The funeral was tougher. The songs reminded me of how Barb served the children in the church and community. She taught Sunday school, helped with VBS and supported missions. She and George were missionaries in Kenya for a year. Ruby and I cried together. Barb and Ruby had a special connection. Her creativity inspired Ruby. She encouraged Ruby to make things, draw and paint. She taught Ruby to use a sewing machine. The American Legion supplied a small cadre of soldiers, some old and young, one elderly gentleman bent almost double, another sporting a ponytail. They all proudly saluted the casket. We trooped outside for the 21-gun salute and “Taps”. I flashed back to my grandfather’s funeral, Col. Daniel Murray Cheston III. He was a West Point graduate who helped plan the amphibious invasion at Normandy. Back then,  we stood outside in the May air for the flag folding and everything. The officers folded the flag and presented it to my grandmother. “Your country thanks you for his service.” I also remembered Grandpa Giles’ Isham’s funeral, with similar honors.

The flag presentation for Barb happened at the VA cemetery. It rained that day, cooling things down slightly. The floor-to-ceiling windows at the front of the chapel revealed a moody sky. The very brief service in the chapel contained scripture readings by one of the pastors of the Nazarene church and the flag folding by a white-gloved officer and enlisted man, all sharp synchronized movements. Another 21-gun salute went on outside during the flag folding. And “Taps”.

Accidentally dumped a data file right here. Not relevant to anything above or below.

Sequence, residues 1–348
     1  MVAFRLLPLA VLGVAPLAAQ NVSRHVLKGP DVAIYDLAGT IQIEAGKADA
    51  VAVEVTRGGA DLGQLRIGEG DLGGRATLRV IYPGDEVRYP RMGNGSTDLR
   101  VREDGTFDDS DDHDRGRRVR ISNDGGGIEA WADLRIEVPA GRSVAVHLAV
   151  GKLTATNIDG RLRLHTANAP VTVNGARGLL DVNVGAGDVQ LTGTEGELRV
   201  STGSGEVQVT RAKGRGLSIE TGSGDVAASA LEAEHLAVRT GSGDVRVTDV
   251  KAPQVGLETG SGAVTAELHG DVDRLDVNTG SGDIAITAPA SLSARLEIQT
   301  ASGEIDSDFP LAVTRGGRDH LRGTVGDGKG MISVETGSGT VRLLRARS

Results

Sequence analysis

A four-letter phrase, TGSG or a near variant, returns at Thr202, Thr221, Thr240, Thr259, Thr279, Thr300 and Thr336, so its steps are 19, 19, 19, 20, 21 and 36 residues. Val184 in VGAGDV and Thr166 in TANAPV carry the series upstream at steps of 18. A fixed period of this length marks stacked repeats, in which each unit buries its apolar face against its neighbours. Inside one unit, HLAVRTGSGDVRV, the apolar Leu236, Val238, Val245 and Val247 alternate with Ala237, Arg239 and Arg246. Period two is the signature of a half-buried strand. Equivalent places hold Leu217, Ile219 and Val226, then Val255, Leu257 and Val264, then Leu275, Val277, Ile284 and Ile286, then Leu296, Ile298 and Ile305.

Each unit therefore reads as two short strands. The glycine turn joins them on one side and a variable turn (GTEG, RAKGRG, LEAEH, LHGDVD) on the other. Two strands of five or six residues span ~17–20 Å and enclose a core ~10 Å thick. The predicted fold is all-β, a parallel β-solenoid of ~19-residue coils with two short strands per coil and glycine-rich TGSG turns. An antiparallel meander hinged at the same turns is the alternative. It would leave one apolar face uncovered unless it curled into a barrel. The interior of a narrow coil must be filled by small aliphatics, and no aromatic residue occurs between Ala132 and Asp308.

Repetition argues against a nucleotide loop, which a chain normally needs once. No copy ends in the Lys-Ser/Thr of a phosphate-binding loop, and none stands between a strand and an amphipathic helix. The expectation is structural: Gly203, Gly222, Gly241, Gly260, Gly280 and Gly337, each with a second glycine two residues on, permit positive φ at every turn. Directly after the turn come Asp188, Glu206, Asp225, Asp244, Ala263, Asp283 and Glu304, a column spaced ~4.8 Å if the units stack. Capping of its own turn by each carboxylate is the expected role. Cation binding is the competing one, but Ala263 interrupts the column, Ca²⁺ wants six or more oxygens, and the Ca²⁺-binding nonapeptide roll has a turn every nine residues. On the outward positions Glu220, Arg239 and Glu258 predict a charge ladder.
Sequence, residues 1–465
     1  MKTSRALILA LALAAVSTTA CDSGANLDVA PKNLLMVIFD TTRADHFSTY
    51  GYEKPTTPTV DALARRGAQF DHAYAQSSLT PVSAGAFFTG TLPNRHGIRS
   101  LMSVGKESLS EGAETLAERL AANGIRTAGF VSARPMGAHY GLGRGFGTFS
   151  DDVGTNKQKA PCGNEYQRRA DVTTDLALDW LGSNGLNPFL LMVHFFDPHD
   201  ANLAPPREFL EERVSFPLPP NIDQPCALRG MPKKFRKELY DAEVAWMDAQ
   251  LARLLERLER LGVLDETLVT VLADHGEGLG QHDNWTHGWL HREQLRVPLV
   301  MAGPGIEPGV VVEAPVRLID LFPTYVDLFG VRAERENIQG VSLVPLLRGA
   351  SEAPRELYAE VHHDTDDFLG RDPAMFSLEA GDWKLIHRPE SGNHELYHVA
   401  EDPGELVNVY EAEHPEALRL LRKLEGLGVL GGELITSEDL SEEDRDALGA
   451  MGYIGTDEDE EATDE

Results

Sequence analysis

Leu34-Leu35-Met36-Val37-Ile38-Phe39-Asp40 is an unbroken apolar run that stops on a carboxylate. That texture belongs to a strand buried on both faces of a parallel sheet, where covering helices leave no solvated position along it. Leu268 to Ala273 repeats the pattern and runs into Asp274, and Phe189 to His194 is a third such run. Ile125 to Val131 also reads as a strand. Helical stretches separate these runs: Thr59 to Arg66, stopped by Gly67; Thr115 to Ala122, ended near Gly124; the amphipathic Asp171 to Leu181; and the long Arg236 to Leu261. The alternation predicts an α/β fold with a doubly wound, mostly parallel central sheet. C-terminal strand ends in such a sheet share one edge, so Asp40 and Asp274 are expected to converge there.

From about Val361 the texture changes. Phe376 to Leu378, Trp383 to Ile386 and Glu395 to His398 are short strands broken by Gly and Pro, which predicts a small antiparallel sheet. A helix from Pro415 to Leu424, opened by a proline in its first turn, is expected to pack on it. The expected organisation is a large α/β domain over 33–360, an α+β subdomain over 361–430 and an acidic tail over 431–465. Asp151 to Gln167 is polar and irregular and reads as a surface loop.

Life isn’t “made to order”, though we dearly wish it was. We don’t get to choose the things that happen to us, because wouldn’t we choose better?! Less pain and sorrow, please. Despite some rough experiences during Barb’s brief stint in the Navy, she never stopped believing in the mission of the armed forces. She was proud of Zac’s decision to enter the Air Force and looked forward to his bootcamp graduation. She never lost faith in America’s military or her God. As we drove to her final resting place at Q-24, I considered what it means to press on, even when circumstances turn against you. She was fierce, and she will be fiercely missed.